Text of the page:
3) The one small wave-like patch of red in the large mother bird visually ties this design to the red lunette above. As I have suggested when analyzing other Nampeyo bowls, imagine the bowl with this red area absent or painted with black paint. The 80% of the design composed of black avian figures would just sit next to the red lunette and the two areas would be unrelated. The addition of the red area in the avian design integrates these areas into a single design.
4) The use of unpainted surface to set off the individual elements is most pronounced below the right-most bird in the design. Overall, there is sufficient negative space in this design that it is filled with a swarming energy: hummingbirds swoop and buzz as if around a feeder For a similar use of space by Nampeyo, see pots 2002-03 and 2010-11 in this collection.
5) The expected thick-above-thin framing lines are present on the bowl. Youngest daughter Fannie claimed that Nampeyo never drew a traditional break in these lines and indeed six of the seven other Sikyatki revival bowls in the collection painted by Nampeyo lack a line break. This bowl and bowl 2006-02 do have line breaks and the literature indicates that such breaks were sometimes incorporated by Nampeyo into her designs (Wade and Cooke 2012:168).
6) Nampeyo’s painting is characteristically more confident, bold and somewhat impulsive compared to the more-studied, plotted, and careful style of her daughters, descendents, and other Hopi and Hopi-Tewa potters. Assessing this dimension of Nampeyo’s work depends on experience seeing a large number of her pots and comparing this work to those of her daughters and other master potters. Of the six defining characteristics of Nampeyo’s mature style, this is the most subjective to judge. The “confident and bold” pattern is seen as lines drawn with a fairly heavy hand without hesitancy or the need to over paint using a second stroke. Her “impulsive” style is most clearly seen on pots with fairly complex designs with lines that cross boundaries as well as a lack of concern to get minor detailed exactly “right.”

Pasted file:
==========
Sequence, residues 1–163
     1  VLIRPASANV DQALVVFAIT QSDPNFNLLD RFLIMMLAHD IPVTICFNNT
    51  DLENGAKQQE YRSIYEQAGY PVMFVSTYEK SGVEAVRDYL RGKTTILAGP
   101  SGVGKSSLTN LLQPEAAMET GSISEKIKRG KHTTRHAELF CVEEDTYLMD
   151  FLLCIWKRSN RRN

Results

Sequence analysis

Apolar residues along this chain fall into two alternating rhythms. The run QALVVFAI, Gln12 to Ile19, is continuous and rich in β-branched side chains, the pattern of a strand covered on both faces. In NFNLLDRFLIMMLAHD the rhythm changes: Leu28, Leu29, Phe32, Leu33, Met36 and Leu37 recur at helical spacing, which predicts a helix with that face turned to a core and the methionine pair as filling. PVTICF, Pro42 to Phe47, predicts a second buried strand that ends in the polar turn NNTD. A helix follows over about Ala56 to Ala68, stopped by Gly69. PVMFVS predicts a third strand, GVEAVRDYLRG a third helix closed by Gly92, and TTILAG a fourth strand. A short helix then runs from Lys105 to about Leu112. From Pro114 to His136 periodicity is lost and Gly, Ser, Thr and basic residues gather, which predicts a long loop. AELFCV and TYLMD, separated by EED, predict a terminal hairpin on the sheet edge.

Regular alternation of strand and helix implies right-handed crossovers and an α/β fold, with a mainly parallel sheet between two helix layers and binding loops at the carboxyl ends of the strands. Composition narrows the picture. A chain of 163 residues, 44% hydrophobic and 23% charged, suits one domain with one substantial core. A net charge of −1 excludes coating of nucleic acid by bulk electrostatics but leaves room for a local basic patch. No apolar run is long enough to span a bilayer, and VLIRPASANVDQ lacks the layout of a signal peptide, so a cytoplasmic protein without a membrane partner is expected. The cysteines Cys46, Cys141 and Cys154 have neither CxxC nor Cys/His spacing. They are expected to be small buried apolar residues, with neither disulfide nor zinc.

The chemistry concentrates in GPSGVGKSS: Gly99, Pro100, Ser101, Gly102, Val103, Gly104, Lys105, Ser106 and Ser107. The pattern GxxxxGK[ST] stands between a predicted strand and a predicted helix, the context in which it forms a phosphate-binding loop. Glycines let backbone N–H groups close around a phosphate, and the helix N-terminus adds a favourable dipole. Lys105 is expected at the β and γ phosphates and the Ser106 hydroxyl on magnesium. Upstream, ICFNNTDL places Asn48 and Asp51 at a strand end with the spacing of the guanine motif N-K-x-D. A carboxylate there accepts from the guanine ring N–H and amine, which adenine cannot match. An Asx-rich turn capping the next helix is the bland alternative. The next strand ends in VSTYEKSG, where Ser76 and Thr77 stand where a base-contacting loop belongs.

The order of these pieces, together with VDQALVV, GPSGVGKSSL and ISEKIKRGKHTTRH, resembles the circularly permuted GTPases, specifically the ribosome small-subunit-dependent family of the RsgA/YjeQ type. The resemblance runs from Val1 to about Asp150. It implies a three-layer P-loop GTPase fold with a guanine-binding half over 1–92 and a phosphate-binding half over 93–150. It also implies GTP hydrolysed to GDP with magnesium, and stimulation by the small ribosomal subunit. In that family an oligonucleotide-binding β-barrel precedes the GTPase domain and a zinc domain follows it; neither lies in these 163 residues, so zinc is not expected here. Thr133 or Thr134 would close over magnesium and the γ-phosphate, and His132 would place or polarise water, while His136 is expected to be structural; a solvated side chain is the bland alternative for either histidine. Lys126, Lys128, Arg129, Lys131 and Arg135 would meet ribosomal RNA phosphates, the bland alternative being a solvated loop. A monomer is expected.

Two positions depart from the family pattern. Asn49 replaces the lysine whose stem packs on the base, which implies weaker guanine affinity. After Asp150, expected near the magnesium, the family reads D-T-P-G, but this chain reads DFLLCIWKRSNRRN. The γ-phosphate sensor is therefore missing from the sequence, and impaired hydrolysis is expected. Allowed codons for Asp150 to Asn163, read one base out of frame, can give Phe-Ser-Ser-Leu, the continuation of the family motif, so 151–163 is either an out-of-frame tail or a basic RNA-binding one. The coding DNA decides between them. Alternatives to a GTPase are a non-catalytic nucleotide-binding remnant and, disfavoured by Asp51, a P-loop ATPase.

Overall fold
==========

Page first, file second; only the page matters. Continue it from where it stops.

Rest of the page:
The clean, clear, single line over the two glyph elements is what you would expect from Nampeyo’s hand. One of the renditions of the small external glyph has three steps in the rain cloud element; the corresponding rendition in the second small glyph has four steps. That is a minor piece of evidence in favor of “spontaneity.” Since the basic internal design is five renditions of very similar and simple hummingbird images that are flying unattached to each other, there is less opportunity for Nampeyo to draw lines that cross boundaries. The best that can be said is that the four renditions of the curlicue tongues of the birds are quite variable ranging from “carefully drawn” to “almost sloppy.”
I recently saw a film of Picasso drawing a series of paintings. He worked quickly and confidently, but without much regard for the exact placement of his paint. It seemed to me that the phrase “playful assurance” described his style and is also the style of Nampeyo on bowl 2012-22.
Occasionally, Nampeyo seems to have drawn an image just for her own amusement. Kramer (1996:155, plate 17) offers an excellent example of a whimsical figure seemingly just dropped into a design by “the Old Lady.” Bowl 2012-21 is as whimsical a design as I have ever seen on a Hopi or Hopi-Tewa pot and—romantic that I am—I believe it reflects the spirit of master potter Nampeyo: visual joy.